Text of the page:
Tuesday, 30 July 2013

5 Free Apps that you should have when travelling

Everyone and anyone is jumping on the smartphone bandwagon these days, the Travel and Hospitality industry included. You can find literally thousands of apps from many different companies. Although many are just repetitive, there are some really useful ones. Here I have compiled a list of 5 smartphone apps which I believe everyone going travelling should have.

1. Airline App

Almost every airline these days has their own app which passengers can download. These apps allow you to keep track of your booking, review the flight status and download your boarding pass. Highly convenient as you don't have to continually check emails or worry about which sheet of paper is the right one.

2. TripIt Travel Organiser.

The "TripIt" app is a handy one to keep your entire itinerary in one place. Here you can store your flight information, hotel, car rental etc. Which is very useful if, like me, you have a habit of forgetting those vital bits of information such as hotel names, reference numbers and such.

3. TripAdvisor

The TripAdvisor app is fantastic for checking out what to do wherever you are. Whether you want to see how good a certain restaurant is, what attractions are nearby or which street has the nicest architecture or shopping malls, TripAdvisor gives it all to you at the touch of a button. 

4. Hotel Tonight

You never know what can go wrong on holiday, you may have a delayed/cancelled flight or as happened me, you may miss a flight (See here). This is where the "Hotel Tonight" app comes in. It shows you hotel rooms available on last minute deals, saving you both time and money.


One of the top travel apps on the apple app store at the moment. HailO finds your current location and can call a taxi right to you. Very useful if you find yourself lost in a foreign city without a number for a taxi or a notion on how to use the public transport system (trust me it happens).

Wednesday, 24 July 2013

One thing not to do on Holiday

We had a relatively simple plan for our holiday this past July.

A flight from Cork to Amsterdam, two days there before getting a train to Brussels where we would spend one night and then fly on to Slovakia for 10 days with Dominikas family. But where I'm involved, the simple things rarely work out as they should!

Things started fantastically well, we immediately fell in love with Amsterdam (as you may have guessed from my previous post). The two days spent there were just perfect, we visited (among others) the Heineken Experience which was amazing and the Anne Frank house, which is a tragically moving experience and a must-see if you are in the city. We could not have wished for a better start to our holiday, but when you begin on a high, the only way from there must be down I guess?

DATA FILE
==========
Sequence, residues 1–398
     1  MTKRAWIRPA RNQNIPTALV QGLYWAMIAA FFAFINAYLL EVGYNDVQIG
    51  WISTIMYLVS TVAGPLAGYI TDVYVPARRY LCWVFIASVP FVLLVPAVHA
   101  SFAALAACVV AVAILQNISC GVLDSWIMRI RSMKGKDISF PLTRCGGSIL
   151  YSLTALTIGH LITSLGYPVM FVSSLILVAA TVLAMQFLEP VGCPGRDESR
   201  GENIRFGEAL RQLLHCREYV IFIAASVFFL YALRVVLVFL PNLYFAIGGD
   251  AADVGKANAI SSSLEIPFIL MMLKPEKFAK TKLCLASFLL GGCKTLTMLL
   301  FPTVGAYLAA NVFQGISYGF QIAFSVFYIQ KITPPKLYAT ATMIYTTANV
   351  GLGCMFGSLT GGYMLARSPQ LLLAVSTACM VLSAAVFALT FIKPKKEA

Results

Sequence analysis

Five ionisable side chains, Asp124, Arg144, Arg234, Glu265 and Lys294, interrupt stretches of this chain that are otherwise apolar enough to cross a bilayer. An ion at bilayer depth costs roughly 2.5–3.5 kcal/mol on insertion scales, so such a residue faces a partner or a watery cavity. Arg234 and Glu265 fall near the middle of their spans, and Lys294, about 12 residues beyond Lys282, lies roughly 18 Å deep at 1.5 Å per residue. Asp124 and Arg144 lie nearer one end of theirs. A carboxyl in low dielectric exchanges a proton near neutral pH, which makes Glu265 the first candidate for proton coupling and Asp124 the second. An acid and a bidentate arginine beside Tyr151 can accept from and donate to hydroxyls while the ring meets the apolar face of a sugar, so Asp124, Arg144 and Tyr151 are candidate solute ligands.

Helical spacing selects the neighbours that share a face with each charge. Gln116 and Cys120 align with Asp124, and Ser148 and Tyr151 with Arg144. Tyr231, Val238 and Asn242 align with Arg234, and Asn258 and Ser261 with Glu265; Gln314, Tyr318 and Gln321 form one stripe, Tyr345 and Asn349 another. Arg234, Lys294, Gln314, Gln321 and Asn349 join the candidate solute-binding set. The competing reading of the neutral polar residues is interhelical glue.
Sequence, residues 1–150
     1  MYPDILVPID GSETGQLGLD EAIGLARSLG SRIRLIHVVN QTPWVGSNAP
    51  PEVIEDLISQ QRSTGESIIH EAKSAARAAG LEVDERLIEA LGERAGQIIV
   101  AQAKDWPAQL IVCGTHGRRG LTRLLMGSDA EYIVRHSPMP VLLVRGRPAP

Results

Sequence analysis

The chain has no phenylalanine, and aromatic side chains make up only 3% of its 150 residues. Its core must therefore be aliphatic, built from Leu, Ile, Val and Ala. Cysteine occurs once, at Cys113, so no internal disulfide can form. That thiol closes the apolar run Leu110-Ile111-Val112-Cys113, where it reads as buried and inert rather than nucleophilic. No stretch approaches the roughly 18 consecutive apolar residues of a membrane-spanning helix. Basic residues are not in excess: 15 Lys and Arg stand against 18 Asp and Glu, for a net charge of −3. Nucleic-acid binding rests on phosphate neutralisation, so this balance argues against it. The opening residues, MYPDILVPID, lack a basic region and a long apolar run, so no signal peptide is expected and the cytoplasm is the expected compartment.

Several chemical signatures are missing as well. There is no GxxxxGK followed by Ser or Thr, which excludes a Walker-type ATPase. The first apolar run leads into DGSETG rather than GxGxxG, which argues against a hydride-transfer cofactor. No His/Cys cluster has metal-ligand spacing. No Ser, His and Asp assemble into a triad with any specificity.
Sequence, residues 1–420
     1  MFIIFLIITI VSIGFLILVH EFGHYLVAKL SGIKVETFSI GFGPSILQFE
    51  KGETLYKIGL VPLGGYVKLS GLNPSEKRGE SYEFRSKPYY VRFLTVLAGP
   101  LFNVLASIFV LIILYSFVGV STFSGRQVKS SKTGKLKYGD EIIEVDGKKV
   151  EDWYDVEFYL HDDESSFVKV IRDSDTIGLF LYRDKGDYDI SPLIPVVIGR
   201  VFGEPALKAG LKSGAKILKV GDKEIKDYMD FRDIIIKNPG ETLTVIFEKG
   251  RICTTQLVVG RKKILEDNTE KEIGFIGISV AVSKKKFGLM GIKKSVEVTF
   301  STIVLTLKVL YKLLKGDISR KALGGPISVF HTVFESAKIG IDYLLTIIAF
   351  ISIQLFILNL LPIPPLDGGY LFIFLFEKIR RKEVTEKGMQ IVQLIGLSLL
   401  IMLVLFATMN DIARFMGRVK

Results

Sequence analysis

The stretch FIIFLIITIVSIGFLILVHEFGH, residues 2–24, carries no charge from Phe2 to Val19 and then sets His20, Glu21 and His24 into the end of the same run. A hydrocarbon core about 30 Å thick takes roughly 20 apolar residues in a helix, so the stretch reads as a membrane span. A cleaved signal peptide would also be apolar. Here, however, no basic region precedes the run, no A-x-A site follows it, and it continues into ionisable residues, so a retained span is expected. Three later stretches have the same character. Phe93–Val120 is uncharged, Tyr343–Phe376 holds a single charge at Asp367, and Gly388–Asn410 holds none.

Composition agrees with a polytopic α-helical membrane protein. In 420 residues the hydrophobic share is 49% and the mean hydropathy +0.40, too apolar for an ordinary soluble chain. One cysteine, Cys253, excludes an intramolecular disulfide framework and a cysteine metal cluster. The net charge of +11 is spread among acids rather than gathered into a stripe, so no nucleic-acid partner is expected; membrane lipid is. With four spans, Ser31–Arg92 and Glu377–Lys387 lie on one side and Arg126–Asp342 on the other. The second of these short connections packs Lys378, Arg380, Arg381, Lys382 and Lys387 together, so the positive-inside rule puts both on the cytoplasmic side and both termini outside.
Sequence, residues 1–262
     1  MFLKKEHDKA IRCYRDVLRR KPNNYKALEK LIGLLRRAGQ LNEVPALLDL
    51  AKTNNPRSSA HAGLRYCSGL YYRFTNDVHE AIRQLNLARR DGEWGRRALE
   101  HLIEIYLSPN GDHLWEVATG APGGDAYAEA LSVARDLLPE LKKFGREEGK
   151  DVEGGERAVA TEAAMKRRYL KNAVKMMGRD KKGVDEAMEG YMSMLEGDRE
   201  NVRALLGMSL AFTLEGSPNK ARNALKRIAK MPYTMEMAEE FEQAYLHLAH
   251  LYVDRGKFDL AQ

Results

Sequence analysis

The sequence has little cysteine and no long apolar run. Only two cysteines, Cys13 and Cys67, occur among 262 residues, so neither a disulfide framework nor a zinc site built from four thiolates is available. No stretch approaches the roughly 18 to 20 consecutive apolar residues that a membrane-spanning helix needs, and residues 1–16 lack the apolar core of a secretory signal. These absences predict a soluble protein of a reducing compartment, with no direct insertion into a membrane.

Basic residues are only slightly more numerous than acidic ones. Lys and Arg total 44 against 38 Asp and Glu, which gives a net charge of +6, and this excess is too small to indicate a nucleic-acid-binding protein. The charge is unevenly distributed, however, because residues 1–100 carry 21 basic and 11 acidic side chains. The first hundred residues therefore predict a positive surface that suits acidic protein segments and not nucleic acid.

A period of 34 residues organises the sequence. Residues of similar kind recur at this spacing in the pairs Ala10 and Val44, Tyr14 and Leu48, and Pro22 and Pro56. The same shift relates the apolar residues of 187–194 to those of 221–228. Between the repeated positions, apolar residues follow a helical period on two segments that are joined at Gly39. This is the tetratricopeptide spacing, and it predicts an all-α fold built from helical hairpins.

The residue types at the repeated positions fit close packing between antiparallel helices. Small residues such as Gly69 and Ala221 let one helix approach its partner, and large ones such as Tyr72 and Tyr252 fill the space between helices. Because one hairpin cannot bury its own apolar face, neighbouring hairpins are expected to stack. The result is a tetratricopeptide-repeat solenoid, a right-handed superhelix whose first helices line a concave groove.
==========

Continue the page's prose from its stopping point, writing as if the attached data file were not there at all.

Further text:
Following a short stop in Antwerp, our train pulled into Brussels. We disembarked full of enthusiasm to be in the European Capital, home of the EU Parliament and so many other EU departments. This surely must be a wonderful city? It will be clean and inviting and the people will be so friendly, yes? Well...about that...
Again you may have read in my previous post about Brussels, that I was less than impressed with the city. Despite some amazing classical architecture and a great night out (mostly thanks to This band). The capital of the EU was a major let-down and I was so looking forward to leaving the next day and flying on to Bratislava.

So with that in mind, we spent the next morning salvaging what we could from that particular leg of the journey. The guy at reception in our hotel told us that the airport was only 15 minutes by train, so we had some time to kill. We went to visit the EU parliamentarium, to be honest it seemed very bland and boring, we should have visited the mini-europe instead.

Shortly after this, we made our way to the train station and boarded the train to Brussels airport. In a few hours at least, we would be in a familiar city drinking a cool, tall glass of Kofola (if you have never tried it, you don't know what you're missing!). We got off the train, made our way to departures and looked for our flight number on the departure screen. For some reason we couldn't see it. No matter, it was probably hard to spot in the middle of all those flights, so we asked an airport official what gate the flight to Bratislava is leaving from... His response made the pit of my stomach drop right to my ankles, "There are none". When he asked what airline we are flying with, and I told him Ryanair, what he said made the very ground beneath my feet evaporate "Ryanair fly from Charleroi, this is Brussels national airport".

As you can imagine, we were quite surprised to say the least. Of course when the guy in the hotel said the airport was 15 minutes away, and as we were flying with ryanair, we should have suspected something. Ryanair would never fly to such a convenient airport!

We ran straight outside to a taxi, we had 45 minutes before the gate closed, and the airport was 80km away. There was a chance we could make it (according to the taxi driver at least). So off we went, the taxi metre rising to a terrifying number (€195 at the end of the trip!). We gave up looking at the time, we were really pushing it, any time we hit traffic our hearts and breathing stopped, the taxi driver, to his credit, was driving like he was an extra in the next Die Hard movie.

We pulled into the car park in Charleroi, jumped from the taxi. The driver had our bags out in second, wished us luck and we ran, hell for leather, into departures to see in big red writing on the screen above us. The gate for Bratislava was...closed. No matter how much we begged and pleaded with the check-in lady, we were not being left on to that flight.

So after that panic was over us we decided we better go about looking for the next possible flight to the Bratislava area, the closest we could get was a flight to Vienna, which cost more than we could possibly afford. So as a last resort we priced a flight back to Ireland...also more than we could afford.

So there we were, trapped in Brussels, with no way on to Slovakia, and no way back to Ireland. We couldn't possibly be more freaked out. It was getting late and we were too afraid to pay for a place to stay, or even a meal as we had to keep the money we had for any possible travelling. We went to both the Irish embassy and Slovak embassy (Dominika is from Slovakia), neither of which would help us in any way.